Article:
In an eye-catching move, the UK government's environment minister David Miliband has floated the idea of personal swipe cards for each citizen in the country, which would carry points equating to a carbon allowance.

Mr Miliband is apparently keen to test the scheme, which is loosely based on the European Union’s emissions trading scheme (ETS). Under the plans, the most energy inefficient consumers would spend the most points from their allowance, while those who emitted least carbon (such as non-car owners, for example) could return excess credits to a central bank.

Indeed, under Mr Miliband’s undeniably bold vision, the UK could become the first country to develop what the minister terms a ‘carbon currency’. Mr Miliband hopes that the plans would work to help counteract fuel poverty, by penalizing the most conspicuous consumers (generally the most affluent) and rewarding the most responsible, who would generally be poorer. However some critics argue that the scheme could force the elderly to turn off heating in winter to save points, for example.

We carry bank cards that store both pounds and carbon points, Mr Miliband said in a speech to the Audit Commission.

When we buy electricity, gas and fuel, we use our carbon points, as well as pounds. To help reduce carbon emissions, the government would set limits on the amount of carbon that could be used.

People on low incomes are likely to benefit as they will be able to sell their excess allowances. People on higher incomes tend to have higher carbon emissions due to higher car ownership and usage, air travel and tourism, and larger homes, he added.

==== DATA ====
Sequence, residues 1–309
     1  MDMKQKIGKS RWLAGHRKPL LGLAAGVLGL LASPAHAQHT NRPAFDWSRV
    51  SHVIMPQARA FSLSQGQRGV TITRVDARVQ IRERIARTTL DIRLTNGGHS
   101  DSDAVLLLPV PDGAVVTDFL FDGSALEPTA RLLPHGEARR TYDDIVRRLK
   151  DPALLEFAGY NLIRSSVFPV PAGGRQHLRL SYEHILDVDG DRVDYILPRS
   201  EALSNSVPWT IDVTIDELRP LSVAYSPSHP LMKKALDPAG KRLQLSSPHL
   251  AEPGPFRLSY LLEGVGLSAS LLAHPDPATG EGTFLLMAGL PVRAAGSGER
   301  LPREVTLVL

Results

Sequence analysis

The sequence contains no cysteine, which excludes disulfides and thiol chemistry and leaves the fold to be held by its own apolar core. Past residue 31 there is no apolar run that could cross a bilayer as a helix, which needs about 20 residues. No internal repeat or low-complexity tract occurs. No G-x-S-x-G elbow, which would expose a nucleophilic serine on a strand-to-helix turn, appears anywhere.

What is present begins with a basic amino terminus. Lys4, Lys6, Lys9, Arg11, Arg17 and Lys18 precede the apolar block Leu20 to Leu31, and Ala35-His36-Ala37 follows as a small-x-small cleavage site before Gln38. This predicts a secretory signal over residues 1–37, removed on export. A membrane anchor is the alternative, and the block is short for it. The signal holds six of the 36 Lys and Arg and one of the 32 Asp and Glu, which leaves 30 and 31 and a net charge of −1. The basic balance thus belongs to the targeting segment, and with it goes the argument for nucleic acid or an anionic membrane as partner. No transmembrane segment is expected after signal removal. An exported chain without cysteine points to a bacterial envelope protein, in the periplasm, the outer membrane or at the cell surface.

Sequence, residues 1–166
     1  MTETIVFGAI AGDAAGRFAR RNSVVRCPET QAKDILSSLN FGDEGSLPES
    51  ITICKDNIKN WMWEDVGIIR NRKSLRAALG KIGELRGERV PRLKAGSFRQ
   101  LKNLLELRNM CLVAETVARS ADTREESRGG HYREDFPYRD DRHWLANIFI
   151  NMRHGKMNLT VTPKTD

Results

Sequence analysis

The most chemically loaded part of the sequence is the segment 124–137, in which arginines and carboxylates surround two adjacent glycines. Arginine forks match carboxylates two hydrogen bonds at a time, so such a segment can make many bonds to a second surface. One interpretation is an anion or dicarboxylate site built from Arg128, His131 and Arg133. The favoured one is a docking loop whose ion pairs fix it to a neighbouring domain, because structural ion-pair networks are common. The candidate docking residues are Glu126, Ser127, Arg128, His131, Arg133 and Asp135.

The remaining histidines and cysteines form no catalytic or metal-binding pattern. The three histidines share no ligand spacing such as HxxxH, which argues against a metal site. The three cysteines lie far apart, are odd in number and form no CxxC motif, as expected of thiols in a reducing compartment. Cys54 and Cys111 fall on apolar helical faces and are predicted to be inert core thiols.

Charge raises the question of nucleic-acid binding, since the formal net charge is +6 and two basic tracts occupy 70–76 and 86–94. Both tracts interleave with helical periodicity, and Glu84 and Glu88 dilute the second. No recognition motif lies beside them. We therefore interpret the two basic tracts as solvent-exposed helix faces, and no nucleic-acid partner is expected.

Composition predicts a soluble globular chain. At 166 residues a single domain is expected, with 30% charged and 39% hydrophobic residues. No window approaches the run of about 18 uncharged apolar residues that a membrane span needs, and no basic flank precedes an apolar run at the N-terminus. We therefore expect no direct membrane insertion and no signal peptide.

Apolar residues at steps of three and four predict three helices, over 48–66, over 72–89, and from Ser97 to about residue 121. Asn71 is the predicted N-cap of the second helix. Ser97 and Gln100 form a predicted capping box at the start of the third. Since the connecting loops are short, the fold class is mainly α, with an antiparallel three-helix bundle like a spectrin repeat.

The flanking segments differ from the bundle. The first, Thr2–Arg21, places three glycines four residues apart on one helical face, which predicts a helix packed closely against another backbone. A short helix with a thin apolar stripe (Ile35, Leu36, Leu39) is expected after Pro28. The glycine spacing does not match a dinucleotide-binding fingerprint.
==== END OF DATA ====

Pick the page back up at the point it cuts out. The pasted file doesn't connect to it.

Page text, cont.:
It is more empowering than many forms of regulation because instead of banning particular products, services or activities, or taxing them heavily, a personal carbon allowance enables citizens to make trade-offs.

It is also empowering because many citizens want to be able to do their bit for the environment and tackle climate change, but there is no measurable way of guiding their decisions.

Personal carbon tradeable allowances is one of a number of ways the government is looking at how individuals can be better informed and involved in tackling climate change. However the plans exceed those laid out in the government’s recent energy review, and are sure to trigger keen debate on individuals’ role in battling climate change.

The ‘personal ETS’ would see the points allocations managed via a smartcard system, with every individual in the UK allotted the same amount of credits initially.